OECD: Israel big spender on education, students receive less

"We are leading a series of significant reforms, but the system faces major and important challenges, which require closing budgetary gaps."

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September 11, 2019 00:15
3 minute read.
OECD: Israel big spender on education, students receive less

A mother takes a selfie with her first-grade daughter on the first day of school. (photo credit: MARC ISRAEL SELLEM)

Israeli expenditure on education as a share of GDP may now be among the highest in the developed world, but Israel still spends significantly less per student than most other countries, according to a report published on Tuesday by the Organization for Economic Cooperation and Development.

Israel spends the equivalent of 6% of its GDP on primary to tertiary (post-secondary) education, the annual “Education at a Glance” 2019 report revealed. Total expenditure as a share of GDP increased by 8% between 2010 and 2016, the highest across all OECD countries.

Despite increased expenditure, Israel still spends less on education per student ($8,891) than most other OECD countries, which spend an average of $10,502 per student. Spending per student on tertiary education – including universities and colleges – stands at $11,153, significantly below the OECD average of $15,556.

National expenditure on primary, secondary and post-secondary non-tertiary education – primarily vocational training – increased by some 42% between 2010 and 2016, compared with just 5% on average across OECD countries.

Spending per student ($8,365), however, still remains below the OECD average of $9,357. Here, the failure to catch up with the OECD average is explained by the 14% increase in students during the same period, while the number of students remained stable across OECD countries. Israel is on course, the report said, to catch up with the OECD average if it keeps increasing its spending per student.

The report also revealed that Israel has one of the highest early childhood education enrollment rates in the developed world. Among three- to five-year-old children, enrollment increased from 80% in 2005 to almost 100% in 2017. The increase is largely explained by the expansion of free education to the age of three, as recommended by the Trajtenberg Committee.

Some 47% of children under two years old were also enrolled in early childhood education in 2017, almost double the average (24%) across OECD countries. Approximately 31% of children under the age of one are also enrolled in education, more than three times the OECD average of 9%. Overall, 56% of children under three in Israel attend early childhood education settings, compared with 36% on average across the OECD.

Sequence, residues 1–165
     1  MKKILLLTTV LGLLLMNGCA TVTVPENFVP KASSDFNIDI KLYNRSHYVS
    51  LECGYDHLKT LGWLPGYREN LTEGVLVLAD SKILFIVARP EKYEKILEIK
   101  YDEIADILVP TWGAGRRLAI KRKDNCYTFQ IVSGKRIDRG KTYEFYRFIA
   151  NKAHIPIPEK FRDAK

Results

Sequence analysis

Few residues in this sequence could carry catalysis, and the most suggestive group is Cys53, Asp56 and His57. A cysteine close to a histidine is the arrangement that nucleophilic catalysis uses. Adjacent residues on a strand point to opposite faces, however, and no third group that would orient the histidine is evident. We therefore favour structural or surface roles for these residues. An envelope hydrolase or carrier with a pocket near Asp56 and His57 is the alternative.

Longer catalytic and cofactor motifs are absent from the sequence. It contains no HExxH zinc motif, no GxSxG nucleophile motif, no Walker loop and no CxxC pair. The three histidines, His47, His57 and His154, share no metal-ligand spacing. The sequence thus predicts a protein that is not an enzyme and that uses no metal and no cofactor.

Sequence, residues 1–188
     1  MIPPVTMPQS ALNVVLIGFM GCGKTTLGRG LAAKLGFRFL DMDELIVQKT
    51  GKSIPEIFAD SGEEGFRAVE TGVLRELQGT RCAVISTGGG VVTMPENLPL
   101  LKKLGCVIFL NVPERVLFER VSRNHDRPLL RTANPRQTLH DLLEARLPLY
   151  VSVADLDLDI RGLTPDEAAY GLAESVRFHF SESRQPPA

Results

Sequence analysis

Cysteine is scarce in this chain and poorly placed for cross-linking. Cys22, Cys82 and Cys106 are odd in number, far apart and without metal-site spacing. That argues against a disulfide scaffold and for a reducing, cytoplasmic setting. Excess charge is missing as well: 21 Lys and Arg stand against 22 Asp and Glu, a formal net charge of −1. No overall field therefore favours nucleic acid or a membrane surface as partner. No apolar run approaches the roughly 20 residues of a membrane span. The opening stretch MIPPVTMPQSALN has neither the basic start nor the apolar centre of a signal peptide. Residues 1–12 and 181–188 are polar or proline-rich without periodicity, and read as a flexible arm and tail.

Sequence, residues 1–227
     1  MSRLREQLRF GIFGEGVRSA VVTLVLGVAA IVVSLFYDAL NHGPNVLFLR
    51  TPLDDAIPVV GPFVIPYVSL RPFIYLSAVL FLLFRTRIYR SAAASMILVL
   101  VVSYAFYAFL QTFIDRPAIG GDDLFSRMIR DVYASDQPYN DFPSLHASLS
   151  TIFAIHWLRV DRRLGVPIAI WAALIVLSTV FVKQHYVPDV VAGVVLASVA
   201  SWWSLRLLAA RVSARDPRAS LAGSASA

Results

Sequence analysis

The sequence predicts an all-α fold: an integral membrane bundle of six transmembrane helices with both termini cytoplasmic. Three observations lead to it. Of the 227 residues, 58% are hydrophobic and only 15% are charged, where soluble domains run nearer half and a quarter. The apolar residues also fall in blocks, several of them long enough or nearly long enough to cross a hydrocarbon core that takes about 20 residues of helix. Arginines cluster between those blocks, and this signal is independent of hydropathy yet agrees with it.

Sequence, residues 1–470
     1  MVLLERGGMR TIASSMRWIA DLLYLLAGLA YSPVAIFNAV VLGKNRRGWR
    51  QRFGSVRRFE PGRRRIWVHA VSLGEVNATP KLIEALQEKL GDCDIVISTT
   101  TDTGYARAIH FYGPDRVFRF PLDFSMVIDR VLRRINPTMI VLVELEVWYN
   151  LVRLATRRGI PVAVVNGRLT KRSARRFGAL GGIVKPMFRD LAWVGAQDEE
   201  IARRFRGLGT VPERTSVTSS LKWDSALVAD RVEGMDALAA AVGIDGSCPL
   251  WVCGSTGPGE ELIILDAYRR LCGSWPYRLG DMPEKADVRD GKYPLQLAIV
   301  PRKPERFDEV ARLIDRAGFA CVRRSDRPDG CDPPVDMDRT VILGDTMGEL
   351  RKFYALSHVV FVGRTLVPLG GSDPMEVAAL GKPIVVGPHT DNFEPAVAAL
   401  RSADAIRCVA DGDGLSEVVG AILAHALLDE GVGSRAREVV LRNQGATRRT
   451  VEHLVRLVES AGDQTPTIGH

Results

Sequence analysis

The OECD report also detailed that many governments are under pressure to recruit and train new teachers in the coming years as a large share of educators reach retirement age in the next decade. The situation in Israel, however, is less pressing, as the share of teachers age 50 or over currently stands at 26%, significantly below the OECD average of 36%.

Teachers’ salaries have increased significantly since 2005, the report stated, largely due to the implementation of education reforms.

Salaries have increased by 56% in pre-primary education, 40% in primary education, 52% in lower-secondary education and 50% in upper-secondary education. This compares with average OECD salary increases of 10% in primary education, 9% in lower-secondary education and 6% in upper-secondary education.

Historically, Israel boasted an above-average share of tertiary-educated adults, but the OECD states that once-significant gaps are now much smaller among younger adults.

In 2018, 48% of 55 to 64-year-old Israelis possessed a tertiary degree, compared to just 7% on average across OECD countries. The gap has closed among 25 to 34-year-olds, however, with 48% of Israelis completing a tertiary degree, compared to 44% on average across the OECD.

The unemployment rate for tertiary-educated adults in 2018 was 4% in Israel, compared with 6% on average across OECD countries. Tertiary-educated Israelis earn 56% more than upper-secondary graduates, on par with the OECD average.
“The latest OECD statistics indicate a positive trend in education investment and teacher salaries,” said Education Minister Rafi Peretz following the publication of the report. “This is welcome and worthwhile, but at the same time the data remains disturbing.

Investment per student in Israel remains low in comparison with the world’s students. This is a gap that needs to be addressed.
“Our students are smart and talented, and it is our duty to provide them with all the tools and resources needed to enable them to cope in the job market, into which graduates of the Far East and developed European countries will also enter. We are leading a series of significant reforms, but the system faces major and important challenges, which require closing budgetary gaps.”




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